|Manufacturing - Level||48.3||50.4||48.6|
|Services - Level||51.0||51.2||51.8|
|Composite - Level||51.4||51.3|
French economic activity gained a little momentum this month according to the latest flash PMI results. At 51.4, the key composite output index was up 1.2 points versus its final August reading, reflecting gains in both the manufacturing and service sectors. However, the headline data still suggest a significant degree of underperformance compared with most other EMU states.
At 50.4, the flash manufacturing PMI crept back above the 50 growth threshold to register a surprisingly firm 3-month high. However, although output (51.2) expanded, new orders fell despite steady export demand. Backlogs were higher but this was probably in part due to a further shakeout of employment. Input costs declined for the first time in six months and output prices continued to spiral south.
The services PMI (51.2) was up a modest 0.6 points from its final August mark, mainly courtesy of stronger new business inflows. Nonetheless, headcount was still cut and business expectations slipped to their lowest level in eleven months. Input costs were broadly stable but service provider charges still decreased under heavy competitive pressure.
Accordingly, today's survey results are quite mixed. On the positive side the economy appears to have picked up a little steam this month. However, with orders falling, confidence on the wane and margins under intense pressure near-term prospects remain poor. The third quarter will likely see a return to positive real GDP growth but any recovery should be disappointingly sluggish and leave intact a worryingly soft outlook for prices.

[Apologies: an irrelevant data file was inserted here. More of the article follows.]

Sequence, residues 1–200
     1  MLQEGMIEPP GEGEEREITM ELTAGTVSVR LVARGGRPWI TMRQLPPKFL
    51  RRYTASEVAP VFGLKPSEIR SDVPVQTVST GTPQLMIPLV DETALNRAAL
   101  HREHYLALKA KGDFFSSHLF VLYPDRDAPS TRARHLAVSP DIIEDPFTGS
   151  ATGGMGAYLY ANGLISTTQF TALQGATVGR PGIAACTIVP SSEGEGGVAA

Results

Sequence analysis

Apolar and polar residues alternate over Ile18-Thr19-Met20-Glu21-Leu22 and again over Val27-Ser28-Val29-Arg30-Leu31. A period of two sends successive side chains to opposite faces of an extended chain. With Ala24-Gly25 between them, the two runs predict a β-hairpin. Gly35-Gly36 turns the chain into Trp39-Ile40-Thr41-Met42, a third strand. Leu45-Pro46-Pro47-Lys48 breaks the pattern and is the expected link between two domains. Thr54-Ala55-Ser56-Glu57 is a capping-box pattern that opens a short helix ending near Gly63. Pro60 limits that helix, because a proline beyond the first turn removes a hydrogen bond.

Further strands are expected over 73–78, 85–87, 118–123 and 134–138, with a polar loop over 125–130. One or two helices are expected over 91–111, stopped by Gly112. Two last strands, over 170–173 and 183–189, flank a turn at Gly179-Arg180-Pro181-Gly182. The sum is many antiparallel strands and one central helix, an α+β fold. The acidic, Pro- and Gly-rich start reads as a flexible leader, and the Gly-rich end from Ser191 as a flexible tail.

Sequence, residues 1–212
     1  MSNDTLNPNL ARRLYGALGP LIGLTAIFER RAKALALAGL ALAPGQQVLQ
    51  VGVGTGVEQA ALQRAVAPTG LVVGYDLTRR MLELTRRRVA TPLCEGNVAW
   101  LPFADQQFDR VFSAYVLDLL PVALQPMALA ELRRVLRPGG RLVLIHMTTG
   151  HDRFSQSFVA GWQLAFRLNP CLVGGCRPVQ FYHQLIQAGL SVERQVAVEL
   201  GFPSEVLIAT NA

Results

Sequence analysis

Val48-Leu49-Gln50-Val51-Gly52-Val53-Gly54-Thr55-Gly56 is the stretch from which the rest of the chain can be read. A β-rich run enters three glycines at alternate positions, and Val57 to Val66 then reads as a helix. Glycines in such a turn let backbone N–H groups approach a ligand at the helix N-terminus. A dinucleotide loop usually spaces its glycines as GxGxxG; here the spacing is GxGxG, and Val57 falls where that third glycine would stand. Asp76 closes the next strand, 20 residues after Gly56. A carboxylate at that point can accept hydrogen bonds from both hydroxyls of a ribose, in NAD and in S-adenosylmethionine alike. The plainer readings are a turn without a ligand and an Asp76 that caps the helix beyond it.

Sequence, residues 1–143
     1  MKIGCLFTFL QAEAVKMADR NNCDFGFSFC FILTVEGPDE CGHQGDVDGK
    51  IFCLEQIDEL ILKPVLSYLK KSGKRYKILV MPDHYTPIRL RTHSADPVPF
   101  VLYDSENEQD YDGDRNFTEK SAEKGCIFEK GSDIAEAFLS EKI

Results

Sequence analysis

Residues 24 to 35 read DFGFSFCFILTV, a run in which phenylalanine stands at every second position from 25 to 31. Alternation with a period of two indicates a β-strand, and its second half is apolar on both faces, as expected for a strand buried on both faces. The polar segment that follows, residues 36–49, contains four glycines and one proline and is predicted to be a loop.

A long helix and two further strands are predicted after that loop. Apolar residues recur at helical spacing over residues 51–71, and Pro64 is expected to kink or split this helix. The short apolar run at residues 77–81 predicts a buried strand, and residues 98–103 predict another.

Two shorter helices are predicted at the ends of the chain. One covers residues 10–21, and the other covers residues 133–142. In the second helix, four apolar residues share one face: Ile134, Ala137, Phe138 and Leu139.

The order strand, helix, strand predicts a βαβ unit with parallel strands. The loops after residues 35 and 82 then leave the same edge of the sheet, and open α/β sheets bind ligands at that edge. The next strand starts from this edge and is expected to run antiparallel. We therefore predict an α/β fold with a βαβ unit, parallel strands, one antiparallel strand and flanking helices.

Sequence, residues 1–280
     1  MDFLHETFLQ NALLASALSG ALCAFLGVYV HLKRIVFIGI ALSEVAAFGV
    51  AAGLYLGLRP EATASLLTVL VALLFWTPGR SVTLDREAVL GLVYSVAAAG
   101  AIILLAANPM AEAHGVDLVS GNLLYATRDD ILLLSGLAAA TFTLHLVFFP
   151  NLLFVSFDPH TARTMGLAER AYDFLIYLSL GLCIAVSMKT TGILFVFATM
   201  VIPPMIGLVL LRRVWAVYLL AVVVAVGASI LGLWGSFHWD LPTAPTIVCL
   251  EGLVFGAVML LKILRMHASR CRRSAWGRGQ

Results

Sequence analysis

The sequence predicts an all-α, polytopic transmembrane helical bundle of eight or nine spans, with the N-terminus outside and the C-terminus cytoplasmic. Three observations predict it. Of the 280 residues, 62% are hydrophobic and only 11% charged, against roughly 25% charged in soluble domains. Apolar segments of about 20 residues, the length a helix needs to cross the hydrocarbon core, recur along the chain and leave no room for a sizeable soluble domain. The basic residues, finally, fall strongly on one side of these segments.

The PMI is produced by Markit Economics and is based on original survey data collected from a representative panel of 750 companies based in the French manufacturing and service sectors. The flash estimate is based on around 85 percent of total PMI survey responses each month and is designed to provide an accurate advance indication of the final PMI data.
Investors need to keep their fingers on the pulse of the economy because it dictates how various types of investments will perform. By tracking economic data such as the purchasing managers' manufacturing indexes, investors will know what the economic backdrop is for the various markets. The stock market likes to see healthy economic growth because that translates to higher corporate profits. The bond market prefers less rapid growth and is extremely sensitive to whether the economy is growing too quickly and causing potential inflationary pressures.